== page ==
Impact of Event Scale-Revised: The Impact of Event ScaleRevised (IES-R) is 22 item self-report inventory that measures subjective stress from various traumatic life events from childhood and adolescence [43,44]. The IES-R is rated on a Likert Scale ranging from 0 (Not at All) to 4 (Extremely) and scores range from 0 to 88; higher scores reflect greater levels of perceived traumatic stress. The IES-R has been widely used in clinical research and has good psychometric properties [43,31,33]. In the present sample, the IES-R showed excellent levels of internal consistency (Cronbach’s alpha = 0.932).


Informed consent from all participants was obtained. The study was approved by the UT -Tyler Institutional Review Board (Project # 2019-085). Participants completed a demographic form along with the various self-report scales mentioned above (PS, FNES, BDI-2, OAS, ESS, and IES-R). Completion time was 1.5 hours. Participants were offered extra credit for their psychology classes for participation in the study and signed up for the study using the online research platform, Sona Systems.


The mean score on the Paranoia Scale was 42.9 (SD = 10.6; range 20-68). A summary table of bivariate correlations is presented in Table 2 and as

Table 2: Summary of Bivariate Correlations (N = 90)















































Note.  *p < .001

BDI-2 = Beck Depression Inventory-2; PS = Paranoia Scale, FNES = Fear of Negative

Evaluation Scale, IES-R = Impact of Events Scale-Revised; OAS = The Other as Shamer Scale;

ESS = Experience of Shame Scale

noted there were relationships among all of the variables. As expected, there was a significant positive correlation between perceived stress from traumatic events as measured by the IES-R and paranoid ideation (r = .49, p < .001, two-tailed, N = 90). That is, the participants who reported more stress and negative traumatic events also endorsed higher levels of paranoid ideation. There were also significant positive correlations observed between the measures of internal and external shame with measures of emotional distress and paranoia. As predicted, external shame showed a strong positive correlation with paranoia (r = .69, p < .001, N = 90) whereas internal shame showed a positive correlation with depression (r = .66, p < .001, N = 90). Even though both measures of shame positively correlated with paranoia, there was a stronger relationship between paranoid symptoms and external shame (r to z = 1.7, p =.045) compared to internal shame based on correlation differences in magnitude. Anxiety showed the same pattern for that of paranoia (higher correlation with external shame), but there was a weaker relationship in terms of magnitude. Overall, these suggests relationships between paranoia, perceived stress from traumatic events, and external shame. Depression was more related to internal shame.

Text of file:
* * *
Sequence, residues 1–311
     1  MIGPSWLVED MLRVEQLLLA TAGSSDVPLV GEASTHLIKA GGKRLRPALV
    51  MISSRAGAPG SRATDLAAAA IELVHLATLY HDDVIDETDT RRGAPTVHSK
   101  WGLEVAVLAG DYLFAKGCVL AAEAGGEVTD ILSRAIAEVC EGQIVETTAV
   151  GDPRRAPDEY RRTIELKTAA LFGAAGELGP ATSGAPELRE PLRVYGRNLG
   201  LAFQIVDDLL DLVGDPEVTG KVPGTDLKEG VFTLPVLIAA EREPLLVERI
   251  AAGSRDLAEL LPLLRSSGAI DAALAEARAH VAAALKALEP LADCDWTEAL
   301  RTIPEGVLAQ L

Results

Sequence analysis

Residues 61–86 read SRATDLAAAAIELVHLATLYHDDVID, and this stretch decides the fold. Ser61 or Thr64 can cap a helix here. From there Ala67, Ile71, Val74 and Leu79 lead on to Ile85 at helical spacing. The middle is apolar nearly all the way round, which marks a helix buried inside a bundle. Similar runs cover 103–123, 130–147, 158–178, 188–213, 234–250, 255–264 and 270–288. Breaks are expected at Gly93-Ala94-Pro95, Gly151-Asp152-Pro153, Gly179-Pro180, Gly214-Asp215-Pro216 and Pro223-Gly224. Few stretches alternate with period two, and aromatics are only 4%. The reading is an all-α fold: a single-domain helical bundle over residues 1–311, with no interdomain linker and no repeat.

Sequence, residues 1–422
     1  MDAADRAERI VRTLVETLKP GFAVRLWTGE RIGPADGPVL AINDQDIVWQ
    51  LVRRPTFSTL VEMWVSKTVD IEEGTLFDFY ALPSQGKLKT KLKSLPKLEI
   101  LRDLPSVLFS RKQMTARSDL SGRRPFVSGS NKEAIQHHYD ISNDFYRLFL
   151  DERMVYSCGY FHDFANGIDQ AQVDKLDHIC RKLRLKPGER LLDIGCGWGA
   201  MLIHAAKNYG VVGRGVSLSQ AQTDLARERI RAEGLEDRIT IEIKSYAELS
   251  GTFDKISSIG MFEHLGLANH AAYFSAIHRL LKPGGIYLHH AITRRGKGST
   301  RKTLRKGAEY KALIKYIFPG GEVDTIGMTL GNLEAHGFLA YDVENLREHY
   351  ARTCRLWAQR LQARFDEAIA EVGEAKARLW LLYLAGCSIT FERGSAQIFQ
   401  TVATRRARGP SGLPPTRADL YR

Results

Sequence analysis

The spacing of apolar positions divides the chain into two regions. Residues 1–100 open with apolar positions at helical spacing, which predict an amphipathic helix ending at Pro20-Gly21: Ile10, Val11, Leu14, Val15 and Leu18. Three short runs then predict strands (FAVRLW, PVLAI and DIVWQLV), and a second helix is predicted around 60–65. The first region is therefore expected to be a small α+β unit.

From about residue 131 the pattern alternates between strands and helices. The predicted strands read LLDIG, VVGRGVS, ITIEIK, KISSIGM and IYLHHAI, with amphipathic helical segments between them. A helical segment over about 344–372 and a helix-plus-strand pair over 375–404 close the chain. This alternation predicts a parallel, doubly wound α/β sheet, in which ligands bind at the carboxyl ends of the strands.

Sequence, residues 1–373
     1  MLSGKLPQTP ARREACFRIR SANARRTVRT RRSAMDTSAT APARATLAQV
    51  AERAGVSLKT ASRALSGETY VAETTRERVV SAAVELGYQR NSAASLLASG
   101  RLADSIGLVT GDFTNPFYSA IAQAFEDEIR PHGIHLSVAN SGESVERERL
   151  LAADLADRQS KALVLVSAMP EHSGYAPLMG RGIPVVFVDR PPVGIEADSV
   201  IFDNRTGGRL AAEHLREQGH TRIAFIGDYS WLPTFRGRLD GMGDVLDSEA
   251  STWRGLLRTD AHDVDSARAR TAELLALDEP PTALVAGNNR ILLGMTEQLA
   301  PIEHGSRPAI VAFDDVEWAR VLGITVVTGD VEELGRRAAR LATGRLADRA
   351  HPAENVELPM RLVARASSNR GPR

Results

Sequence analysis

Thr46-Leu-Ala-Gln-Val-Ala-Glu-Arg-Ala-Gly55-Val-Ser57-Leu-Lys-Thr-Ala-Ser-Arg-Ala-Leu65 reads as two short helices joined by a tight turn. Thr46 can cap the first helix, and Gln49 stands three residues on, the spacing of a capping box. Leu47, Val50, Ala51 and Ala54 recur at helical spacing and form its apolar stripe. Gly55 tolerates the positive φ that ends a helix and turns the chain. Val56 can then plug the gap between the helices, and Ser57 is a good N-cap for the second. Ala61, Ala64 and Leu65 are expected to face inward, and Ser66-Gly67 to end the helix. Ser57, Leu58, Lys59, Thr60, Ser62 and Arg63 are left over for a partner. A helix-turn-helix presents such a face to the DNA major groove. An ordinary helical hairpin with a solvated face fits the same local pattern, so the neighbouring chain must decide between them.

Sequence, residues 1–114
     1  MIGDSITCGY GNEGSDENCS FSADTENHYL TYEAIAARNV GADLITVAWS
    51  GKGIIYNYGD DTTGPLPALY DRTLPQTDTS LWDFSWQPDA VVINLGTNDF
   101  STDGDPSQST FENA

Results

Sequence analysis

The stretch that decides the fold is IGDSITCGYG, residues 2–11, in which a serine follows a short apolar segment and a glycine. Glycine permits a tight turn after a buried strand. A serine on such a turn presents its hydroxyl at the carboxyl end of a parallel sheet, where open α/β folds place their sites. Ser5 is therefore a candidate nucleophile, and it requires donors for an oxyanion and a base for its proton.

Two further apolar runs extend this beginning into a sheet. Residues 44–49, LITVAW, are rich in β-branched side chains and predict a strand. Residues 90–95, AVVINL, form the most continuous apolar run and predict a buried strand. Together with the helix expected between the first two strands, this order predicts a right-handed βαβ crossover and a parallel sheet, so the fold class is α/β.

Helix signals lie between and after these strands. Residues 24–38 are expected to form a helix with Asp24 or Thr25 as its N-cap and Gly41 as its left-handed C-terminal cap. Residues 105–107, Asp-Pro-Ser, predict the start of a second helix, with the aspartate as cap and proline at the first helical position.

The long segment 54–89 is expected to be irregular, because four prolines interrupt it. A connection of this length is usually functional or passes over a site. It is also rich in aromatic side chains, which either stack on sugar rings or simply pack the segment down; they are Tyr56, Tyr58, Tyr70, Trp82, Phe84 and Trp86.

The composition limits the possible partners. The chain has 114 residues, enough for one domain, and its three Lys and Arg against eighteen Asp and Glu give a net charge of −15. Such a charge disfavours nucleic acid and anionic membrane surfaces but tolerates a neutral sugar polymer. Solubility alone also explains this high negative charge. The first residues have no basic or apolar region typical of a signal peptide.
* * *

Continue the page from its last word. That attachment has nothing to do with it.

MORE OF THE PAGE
A linear hierarchical linear regression was conducted to examine the relationship between paranoia, external shame, and traumatic stress (Table 3).

Table 3: Hierarchical Linear Regression Results (N=90)


Step 1

Step 2

Model Information

R2 adjusted = .28

R2 adjusted = .49


R2 change = .29**

R2 change = .22**
















Note.  * p < .01, ** p < .001

BDI-2 = Beck Depression Inventory-2; FNES = Fear of Negative Evaluation Scale; IES-R = Impact of Events Scale-Revised; OAS = The Other as Shamer Scale